Perhaps unsurprisingly, I’ve been thinking a lot about language in the past week. Language is my only window into the letters that I’m reading and I need to understand, somehow, what words mean.

Douleur, souffrance, chagrin, crainte…. all of these appear regularly in the letters and if I want to get inside them, I need to figure out what they mean, not today, but what they meant to eighteenth-century folks.

Words mean different things in different contexts. Words have histories, geographies, politics. Douleur today may be well removed from douleur ca. 1765, and that matters. It matters a lot. Luckily for me, I have easy access to early French dictionaries, through the ARTFL’s “Dictionnaires d’autrefois” database. This allows me to trace the trajectory of a word from the 1600s right through to the late 1800s. It’s a fascinating journey, sometimes [and just as much fun as poking through the Oxford English Dictionary Online, another of my favourite ports of call].

But language also matters at another level. During the eighteenth century, French was the language of choice among Europe’s elite. French was spoken at the Russian court, and at the Dutch court. It was also spoken in Denmark. Indeed, French was a requirement of elite social life, a mark of belonging among the “people of quality.”

But for so many of these individuals, French was a second language, a language they hadn’t “suckled at their mother’s breast” (to draw, once again, on the venerable Madame Necker), but something they learned and used through the lens of their fist languages: English, Dutch, Danish, Russian, etc. Adept as they were in French (and it’s abundantly clear that many were more than adept in French), they were still, essentially, thinking and seeing the world through their own languages, and in this I am reminded of the late Diana, Princess of Wales, whose short speech in Japanese, given sometime in the early half of the 1990s, was grammatically perfect (or at least, that is my assumption), but sounded curiously…. English. In tone, inflecion, timing, her speech was an English speech. But I didn’t understand a word of it.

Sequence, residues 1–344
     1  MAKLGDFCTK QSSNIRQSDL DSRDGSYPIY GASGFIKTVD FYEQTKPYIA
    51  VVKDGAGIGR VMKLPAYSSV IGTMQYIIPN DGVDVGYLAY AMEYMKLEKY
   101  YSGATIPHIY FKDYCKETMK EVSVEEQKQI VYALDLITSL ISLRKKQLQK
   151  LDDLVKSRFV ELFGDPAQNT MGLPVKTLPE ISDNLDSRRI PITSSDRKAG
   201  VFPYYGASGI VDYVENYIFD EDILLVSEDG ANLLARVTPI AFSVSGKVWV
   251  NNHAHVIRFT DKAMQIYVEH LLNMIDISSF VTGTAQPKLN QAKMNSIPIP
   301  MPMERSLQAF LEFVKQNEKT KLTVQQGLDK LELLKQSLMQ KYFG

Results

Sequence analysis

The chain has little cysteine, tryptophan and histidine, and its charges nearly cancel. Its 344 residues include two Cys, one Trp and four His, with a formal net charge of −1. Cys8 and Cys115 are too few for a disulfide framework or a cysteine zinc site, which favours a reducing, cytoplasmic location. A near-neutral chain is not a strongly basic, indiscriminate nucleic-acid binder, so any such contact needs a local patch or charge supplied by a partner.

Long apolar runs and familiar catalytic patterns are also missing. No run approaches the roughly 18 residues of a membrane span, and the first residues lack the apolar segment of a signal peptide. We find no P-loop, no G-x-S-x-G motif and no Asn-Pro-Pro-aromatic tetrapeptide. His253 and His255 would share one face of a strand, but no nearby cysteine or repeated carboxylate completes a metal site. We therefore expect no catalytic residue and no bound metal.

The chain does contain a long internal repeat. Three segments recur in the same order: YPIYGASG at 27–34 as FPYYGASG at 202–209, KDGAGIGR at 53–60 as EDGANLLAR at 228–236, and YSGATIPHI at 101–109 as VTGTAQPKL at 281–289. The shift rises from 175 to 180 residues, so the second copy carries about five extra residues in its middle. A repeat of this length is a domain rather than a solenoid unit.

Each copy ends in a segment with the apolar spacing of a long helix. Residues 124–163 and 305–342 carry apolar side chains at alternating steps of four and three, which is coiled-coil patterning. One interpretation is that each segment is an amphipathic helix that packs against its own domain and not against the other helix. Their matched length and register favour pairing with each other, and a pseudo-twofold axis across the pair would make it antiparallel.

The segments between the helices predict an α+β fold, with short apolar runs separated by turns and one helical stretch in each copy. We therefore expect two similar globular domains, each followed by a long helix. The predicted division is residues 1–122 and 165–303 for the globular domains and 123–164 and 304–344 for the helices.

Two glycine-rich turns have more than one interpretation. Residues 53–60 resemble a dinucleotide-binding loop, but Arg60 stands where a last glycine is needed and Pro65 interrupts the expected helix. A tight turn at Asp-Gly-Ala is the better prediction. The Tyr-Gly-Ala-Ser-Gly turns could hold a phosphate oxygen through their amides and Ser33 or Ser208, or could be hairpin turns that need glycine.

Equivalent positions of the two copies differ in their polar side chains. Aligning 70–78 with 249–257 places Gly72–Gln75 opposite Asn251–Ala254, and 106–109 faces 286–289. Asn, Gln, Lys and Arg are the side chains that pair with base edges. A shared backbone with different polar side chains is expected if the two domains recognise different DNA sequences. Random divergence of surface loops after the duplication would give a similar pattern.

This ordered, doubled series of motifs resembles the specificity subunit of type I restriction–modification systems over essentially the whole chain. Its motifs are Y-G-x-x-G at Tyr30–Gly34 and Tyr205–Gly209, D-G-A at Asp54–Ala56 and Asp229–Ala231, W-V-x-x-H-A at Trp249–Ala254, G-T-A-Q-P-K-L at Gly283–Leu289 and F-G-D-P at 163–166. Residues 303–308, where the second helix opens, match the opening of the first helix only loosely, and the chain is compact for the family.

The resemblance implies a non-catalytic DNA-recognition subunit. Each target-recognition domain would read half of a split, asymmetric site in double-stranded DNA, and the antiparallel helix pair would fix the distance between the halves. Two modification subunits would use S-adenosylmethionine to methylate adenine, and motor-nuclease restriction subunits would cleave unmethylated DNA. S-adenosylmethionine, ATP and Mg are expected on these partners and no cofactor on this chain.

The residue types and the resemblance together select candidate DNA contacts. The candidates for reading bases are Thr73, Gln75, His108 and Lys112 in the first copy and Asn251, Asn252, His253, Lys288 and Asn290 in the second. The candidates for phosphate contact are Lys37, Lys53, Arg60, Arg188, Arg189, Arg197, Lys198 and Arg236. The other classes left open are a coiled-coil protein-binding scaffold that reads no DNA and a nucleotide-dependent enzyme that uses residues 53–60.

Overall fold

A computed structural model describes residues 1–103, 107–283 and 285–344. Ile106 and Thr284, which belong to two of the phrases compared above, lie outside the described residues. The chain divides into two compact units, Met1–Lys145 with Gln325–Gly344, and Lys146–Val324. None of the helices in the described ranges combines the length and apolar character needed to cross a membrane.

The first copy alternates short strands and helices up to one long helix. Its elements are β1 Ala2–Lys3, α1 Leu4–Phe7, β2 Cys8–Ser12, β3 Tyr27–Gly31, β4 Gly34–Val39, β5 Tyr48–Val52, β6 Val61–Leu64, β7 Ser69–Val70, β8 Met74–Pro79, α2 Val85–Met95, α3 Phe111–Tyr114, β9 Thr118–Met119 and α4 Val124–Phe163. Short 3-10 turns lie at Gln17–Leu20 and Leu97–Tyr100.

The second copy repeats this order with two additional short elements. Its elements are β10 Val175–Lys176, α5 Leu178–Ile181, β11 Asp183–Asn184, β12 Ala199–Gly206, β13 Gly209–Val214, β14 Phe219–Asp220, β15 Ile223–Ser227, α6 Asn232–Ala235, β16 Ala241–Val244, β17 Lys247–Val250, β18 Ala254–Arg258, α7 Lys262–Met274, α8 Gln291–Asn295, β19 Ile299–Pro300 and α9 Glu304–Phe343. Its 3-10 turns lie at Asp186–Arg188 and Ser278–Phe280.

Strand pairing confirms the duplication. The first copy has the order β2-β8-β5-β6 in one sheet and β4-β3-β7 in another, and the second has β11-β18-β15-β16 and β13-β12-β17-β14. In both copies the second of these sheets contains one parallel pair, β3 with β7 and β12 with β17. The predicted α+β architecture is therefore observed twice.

What does it mean, then, to occupy the space of bilingualism, a functional bilingualism to be sure, but bilingualism nonetheless? And what might it mean to write from that position and to articulate your bodily self from that location?

An intriguing insight into this can be found in a series of three letters concerning the health of a Dutch woman living in Venlo. The first two letters function as “cartes de visites” of sorts, calling cards meant to establish our patient’s credibility and her social position. Both are in French, though both are obviously written by non-native speakers…how else to account for the word “guéé”? Sometimes, sounding out the letters is much more revelatory than reading them to myself….

More interesting, however, is the patient’s own letter. It’s clear from the outset that she has a strong command of the French language and its forms and conventions. She writes with confidence and is clearly comfortable not only with vocabulary, but also with the formal conventions of the letter genre.

Imagine my surprise, then, when the letter suddenly, and in the middle of a sentence, switched into Dutch. I looked again.

And again.

And again.

And there was no mistaking it. It was most definitely Dutch. By the next sentence, she was back in French. And two paragraphs later, there was another smattering of Dutch. And it happened a few more times.

The letter, as a whole, sat on the borderlands between French and Dutch, sliding seamlessly between the two as her needs changed.

Later in the letter, she offers the following explanation:

“Comme je suppose que vous savez toutes les langues, ce que je n’ai pu dire en francais, je l’ai mit en hollandais.” [BCUL, Fonds Tissot, IS3784/II/]

So very simple, really.

Of course she’d think that Tissot would speak all languages; after all, she was fluent in at least two (and likely a few more). And had she looked in his mailbag, she’d have seen letters in French, English, German, Italian and Latin. Why not Dutch?

Why not Dutch, indeed?

Think of how much better we’d all be able to understand one another if we each spoke numerous languages.


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